Accept Risks - Regardless of how much you prepare yourself from any eventuality, you will never really know when accident will strike. The same rule applies when flying on a plane. By accepting the fact that risks are always involved in everything that we do, you will be calmer and more accepting of the fact that your fear of flying can be remedied.It's estimated that approximately 50% of the population is afraid to fly.

Fear is a problem. It fuels all types of anxiety disorders, and is usually linked to an unpleasant experience, or the belief that an unpleasant experience will occur. This idea is based on the psychological school of thought called behaviorism, which suggests that behaviors are learned through interactions with the world around us, and shape our behavior.

Learn more about flying:You're much less likely to be fearful of something that you know and understand and the same is true of flying. Since a major component of your fear is that you're leaving your comfort zone, being informed about how air travel works and how low the risk of a plane accident actually is can go a long way towards putting your mind at ease and allowing you to board a plane and take a flight without losing your composure.

Learn some relaxation techniques:Even if you understand why you fear flying and know that the risk of anything actually happening is incredibly small, it's only natural to be tense and anxious when you finally do get on a plane.

Before you take a flight, prepare yourself by learning relaxation techniques like deep breathing, meditation and visualization and start using them as far in advance as possible. The more relaxed you are before you board, the better prepared you will be to fly - and remember, it'll be easier the next time you get on a plane.

Marybeth associated not being able to get out of her seat as the trigger to believing she was trapped. And if she were trapped she would panic. As you can imagine this created intense anxiety for her. She bit the bullet for a while, but finally decided she wouldn't fly anymore.The negative attributions we make about flying are rooted in our core beliefs. Here are a few related to flying:The plane will crash.I will die.I will panic.I will be trapped.I can't do this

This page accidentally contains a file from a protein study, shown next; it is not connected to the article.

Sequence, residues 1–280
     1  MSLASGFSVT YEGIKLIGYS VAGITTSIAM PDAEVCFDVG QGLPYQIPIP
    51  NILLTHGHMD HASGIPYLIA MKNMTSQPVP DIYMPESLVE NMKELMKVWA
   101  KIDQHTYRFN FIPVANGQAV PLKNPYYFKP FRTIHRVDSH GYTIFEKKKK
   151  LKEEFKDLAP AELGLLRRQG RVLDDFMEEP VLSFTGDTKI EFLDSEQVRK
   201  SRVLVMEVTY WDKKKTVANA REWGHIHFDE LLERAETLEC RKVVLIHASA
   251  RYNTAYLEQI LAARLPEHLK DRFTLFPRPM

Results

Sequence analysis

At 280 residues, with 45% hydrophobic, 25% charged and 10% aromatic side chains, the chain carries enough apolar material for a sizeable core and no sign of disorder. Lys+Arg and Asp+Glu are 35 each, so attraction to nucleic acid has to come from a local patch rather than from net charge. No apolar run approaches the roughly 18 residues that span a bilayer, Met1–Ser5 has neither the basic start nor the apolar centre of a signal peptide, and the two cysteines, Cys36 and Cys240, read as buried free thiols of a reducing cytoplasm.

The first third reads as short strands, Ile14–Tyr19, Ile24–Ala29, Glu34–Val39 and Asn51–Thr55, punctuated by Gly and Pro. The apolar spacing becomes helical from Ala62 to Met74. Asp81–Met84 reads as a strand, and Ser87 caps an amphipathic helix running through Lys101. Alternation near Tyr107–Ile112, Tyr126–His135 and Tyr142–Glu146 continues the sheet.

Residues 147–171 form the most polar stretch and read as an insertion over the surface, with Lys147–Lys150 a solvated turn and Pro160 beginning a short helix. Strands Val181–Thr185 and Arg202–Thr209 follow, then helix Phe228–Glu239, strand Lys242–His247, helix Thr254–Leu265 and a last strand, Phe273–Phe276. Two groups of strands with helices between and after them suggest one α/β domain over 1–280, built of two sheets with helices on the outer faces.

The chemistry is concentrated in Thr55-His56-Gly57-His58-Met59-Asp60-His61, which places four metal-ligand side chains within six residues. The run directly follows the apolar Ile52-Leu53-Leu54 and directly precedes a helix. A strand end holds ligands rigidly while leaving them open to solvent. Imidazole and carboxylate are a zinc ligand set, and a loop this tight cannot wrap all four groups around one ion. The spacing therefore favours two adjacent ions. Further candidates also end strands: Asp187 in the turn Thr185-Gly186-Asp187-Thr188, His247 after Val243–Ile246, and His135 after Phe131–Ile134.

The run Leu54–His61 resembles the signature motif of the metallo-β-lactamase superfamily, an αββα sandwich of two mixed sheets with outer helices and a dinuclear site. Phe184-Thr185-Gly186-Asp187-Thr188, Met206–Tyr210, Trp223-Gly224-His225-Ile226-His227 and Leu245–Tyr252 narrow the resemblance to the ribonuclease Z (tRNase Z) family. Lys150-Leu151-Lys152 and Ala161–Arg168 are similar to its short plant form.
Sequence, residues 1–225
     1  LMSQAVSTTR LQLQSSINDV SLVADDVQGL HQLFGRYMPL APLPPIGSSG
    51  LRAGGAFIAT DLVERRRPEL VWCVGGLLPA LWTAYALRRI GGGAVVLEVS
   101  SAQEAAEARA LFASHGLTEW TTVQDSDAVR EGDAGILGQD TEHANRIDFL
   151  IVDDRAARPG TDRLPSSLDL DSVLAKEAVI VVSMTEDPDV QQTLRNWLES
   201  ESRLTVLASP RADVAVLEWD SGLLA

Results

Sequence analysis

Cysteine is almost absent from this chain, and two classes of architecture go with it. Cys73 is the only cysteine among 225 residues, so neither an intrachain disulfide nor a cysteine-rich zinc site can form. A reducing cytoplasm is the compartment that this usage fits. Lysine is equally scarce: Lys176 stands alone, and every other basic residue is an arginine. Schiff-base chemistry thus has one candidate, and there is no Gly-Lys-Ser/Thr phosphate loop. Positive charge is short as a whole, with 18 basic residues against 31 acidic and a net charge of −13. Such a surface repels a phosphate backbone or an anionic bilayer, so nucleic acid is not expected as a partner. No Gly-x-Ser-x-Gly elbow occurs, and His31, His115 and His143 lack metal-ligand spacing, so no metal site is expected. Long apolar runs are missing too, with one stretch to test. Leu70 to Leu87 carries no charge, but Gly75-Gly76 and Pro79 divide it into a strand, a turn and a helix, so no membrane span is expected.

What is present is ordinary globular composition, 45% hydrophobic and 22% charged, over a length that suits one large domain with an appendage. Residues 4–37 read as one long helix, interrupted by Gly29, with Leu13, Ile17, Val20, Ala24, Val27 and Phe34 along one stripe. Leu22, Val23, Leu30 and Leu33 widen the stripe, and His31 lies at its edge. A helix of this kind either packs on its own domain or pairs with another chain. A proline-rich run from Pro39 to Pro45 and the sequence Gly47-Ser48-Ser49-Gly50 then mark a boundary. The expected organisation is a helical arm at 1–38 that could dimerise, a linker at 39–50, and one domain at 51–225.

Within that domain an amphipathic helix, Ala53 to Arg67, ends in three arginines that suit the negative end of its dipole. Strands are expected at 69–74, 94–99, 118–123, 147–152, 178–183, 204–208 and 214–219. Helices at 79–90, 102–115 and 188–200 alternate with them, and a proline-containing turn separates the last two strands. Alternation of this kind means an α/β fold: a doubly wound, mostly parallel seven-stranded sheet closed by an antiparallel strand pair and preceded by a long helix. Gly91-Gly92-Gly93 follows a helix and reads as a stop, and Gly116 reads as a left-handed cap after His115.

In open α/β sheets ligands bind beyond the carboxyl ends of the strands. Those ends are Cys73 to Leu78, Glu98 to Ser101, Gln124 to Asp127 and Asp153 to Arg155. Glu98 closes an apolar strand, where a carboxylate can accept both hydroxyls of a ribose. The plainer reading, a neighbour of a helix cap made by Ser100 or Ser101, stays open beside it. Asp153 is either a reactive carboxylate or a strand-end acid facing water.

Hypnotherapy:If none of the above helps you to overcome your fear of flying to the point that you're ready to get on a plane, then you may want to consider hypnotherapy as an alternative. Hypnosis can help you to get to the root of your fears and assist you in overcoming them.

 While hypnosis isn't a panacea for your anxieties, it is a valuable tool that can get you over the hump - and onto the tarmac and ready to fly.

1 comment:

  1. Though helpful on the ground in a quiet environment, relaxation and breathing exercises are totally useless in an airliner during turbulence.

    Exposure therapy? How do you go about doing that? There is no practical way to gradually expose yourself to flying.

    Medication? Not the answer. It backfires. That's according to research at the Stamford University School of Medicine.

    Then what? Having worked with this problem for thirty years as both an airline captain and a licensed therapist, answers can be found in my book, "SOAR: The Breakthrough Treatment for Fear of Flying." Read the first part at Log in with username soarbook and password 54321